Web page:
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Case shares his inaugural experiences

In his latest e-newsletter, Ed Case shares his impressions of President Barack Obama’s inauguration last week in Washington, D.C.:

“Audrey and I were truly blessed to witness history up close and personal as we joined fellow former Members of Congress and others Tuesday at the west front of our Capitol for the inauguration of President Obama and Vice President Biden.

“The day was biting cold D.C. January and the Capitol rose above us, white against a blue sky. Five huge American flags, bearing 13 to 50 stars, backdropped the inaugural stage and embraced the history embodied in the moment. We looked back down the Mall where we were joined by almost 2 million of our fellow citizens.

Ed Case

Ed Case

“Cheers of “O-Ba-Ma” and “Yes-We-Can” erupted at the Washington Monument and swept like giant waves toward and over us to crash and echo on the Capitol. The Lincoln Memorial was dim in the distance but the spirits of our 16th President and Martin Luther King were all around us. When our new president concluded his oath, we and everyone around us were overcome with emotion.

In my seven years now in Washington, I’ve never lived a week like this. We began Sunday at joyous receptions for the Punahou ohana and the Democratic Party of Hawaii. I’m happy for Punahou, for it’s inescapable that the unique background and qualities that brought Barack Obama to the Presidency were forged in part in that community.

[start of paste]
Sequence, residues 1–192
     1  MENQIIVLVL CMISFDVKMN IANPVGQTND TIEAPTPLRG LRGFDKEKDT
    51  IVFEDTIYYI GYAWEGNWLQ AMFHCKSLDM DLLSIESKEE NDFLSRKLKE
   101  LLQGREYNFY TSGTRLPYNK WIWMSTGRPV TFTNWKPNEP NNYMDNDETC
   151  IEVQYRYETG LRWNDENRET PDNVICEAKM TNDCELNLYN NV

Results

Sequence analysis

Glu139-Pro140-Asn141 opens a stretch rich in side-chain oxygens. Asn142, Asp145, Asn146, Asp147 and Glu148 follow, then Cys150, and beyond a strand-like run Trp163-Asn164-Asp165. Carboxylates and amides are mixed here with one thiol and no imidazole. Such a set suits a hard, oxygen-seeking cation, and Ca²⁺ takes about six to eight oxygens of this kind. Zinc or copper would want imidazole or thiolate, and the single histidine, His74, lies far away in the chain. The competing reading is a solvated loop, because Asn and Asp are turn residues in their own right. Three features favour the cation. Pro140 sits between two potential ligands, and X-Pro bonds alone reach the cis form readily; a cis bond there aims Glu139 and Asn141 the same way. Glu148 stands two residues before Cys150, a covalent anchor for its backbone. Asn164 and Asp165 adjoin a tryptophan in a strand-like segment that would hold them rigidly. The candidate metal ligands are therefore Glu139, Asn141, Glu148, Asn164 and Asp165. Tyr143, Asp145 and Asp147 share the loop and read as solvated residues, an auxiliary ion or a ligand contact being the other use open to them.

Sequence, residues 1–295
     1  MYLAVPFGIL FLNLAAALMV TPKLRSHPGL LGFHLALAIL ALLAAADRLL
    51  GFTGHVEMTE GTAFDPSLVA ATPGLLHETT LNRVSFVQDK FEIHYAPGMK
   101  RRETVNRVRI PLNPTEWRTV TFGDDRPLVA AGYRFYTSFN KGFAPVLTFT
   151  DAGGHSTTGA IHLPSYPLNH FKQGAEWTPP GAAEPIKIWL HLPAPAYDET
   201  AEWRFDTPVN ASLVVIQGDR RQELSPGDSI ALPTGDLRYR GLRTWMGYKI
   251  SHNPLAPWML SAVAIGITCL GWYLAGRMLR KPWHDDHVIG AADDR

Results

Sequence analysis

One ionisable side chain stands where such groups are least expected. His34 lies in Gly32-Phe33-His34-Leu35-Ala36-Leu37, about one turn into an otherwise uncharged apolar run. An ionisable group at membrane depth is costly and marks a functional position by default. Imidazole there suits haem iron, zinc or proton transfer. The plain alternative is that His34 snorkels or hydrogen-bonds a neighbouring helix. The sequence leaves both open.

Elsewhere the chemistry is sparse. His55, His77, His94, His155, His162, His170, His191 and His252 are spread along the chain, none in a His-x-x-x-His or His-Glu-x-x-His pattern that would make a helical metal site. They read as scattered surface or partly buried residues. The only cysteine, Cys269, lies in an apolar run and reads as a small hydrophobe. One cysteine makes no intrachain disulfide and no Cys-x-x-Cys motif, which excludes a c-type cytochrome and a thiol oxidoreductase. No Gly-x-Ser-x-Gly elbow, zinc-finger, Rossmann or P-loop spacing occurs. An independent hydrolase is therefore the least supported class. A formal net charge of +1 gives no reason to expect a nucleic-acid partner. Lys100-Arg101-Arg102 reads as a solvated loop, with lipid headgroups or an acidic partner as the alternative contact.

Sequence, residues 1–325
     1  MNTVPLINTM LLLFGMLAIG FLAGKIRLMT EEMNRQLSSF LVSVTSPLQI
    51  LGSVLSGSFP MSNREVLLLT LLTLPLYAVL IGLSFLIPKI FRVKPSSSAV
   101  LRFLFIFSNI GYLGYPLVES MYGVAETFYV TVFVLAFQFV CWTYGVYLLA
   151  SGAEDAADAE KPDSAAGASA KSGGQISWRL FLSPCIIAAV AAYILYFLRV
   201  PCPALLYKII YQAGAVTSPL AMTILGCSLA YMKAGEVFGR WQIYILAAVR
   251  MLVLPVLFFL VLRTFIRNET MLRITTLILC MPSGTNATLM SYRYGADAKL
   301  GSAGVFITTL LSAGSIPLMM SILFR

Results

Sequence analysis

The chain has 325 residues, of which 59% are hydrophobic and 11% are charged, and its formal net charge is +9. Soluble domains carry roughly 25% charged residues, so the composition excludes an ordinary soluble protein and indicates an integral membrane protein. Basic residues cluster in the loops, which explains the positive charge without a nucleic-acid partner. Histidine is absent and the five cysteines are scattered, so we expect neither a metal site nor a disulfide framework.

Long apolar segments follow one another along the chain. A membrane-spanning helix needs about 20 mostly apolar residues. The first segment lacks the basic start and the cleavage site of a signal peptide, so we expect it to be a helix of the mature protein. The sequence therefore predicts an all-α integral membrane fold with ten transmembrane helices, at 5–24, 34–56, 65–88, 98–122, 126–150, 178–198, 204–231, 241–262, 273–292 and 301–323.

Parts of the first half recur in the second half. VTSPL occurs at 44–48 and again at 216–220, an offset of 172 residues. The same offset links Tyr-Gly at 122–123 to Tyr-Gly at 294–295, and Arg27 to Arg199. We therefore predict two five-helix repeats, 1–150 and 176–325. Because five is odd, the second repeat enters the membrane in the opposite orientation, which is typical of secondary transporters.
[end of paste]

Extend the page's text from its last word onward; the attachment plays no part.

“And I’m happy for my party, which engaged tens of thousands of previously disengaged Hawaii citizens in the most purely grassroots movement since the election of Gov. John Burns. Monday, we tuxed- and gowned-it at the Pearl Presidential Inaugural Gala, a celebration of our national Asian American and Pacific Islander communities which included Hawaii natives Eric Shinseki and Antonio Taguba and drove home the long-overdue political ascendancy of so many ethnic minorities across our country.

“We started Inauguration Night at the Obama Home States Ball with friends and colleagues from Hawaii and Illinois. President Obama welcomed us all with “Aloha!”, and he and our First Lady danced like high school sweethearts on prom night. We capped an incredible day pure Hawaiian style at the Hawaii State Society Inaugural Ball with music, laughter and celebration among fellow Hawaiians near and far.

“Throughout the week we had so many other special moments with former colleagues, staff and friends in D.C. (not to mention the hundreds of friends from home who made the journey with us), as well as quiet moments of personal reflection and reacquaintance with a city that’s been such a part of my life. But running throughout it all were these themes: fierce pride in my Hawaii; unconditional recommitment to my country; and deep hope and confidence in our future together.

“Of course, we all know that the celebration is over and the hard part has begun. And we also know that what needs to change in Washington and our country and world did not change simply on completion of one man’s oath.

“But the essential lesson of this election is that change is not up to someone else, but each and every one of us, in the actions we take every day. As President Obama said in his inaugural speech: ‘Starting today, we must pick ourselves up, dust ourselves off, and begin again the work of remaking America.’ I truly look forward to sharing that work with you.”

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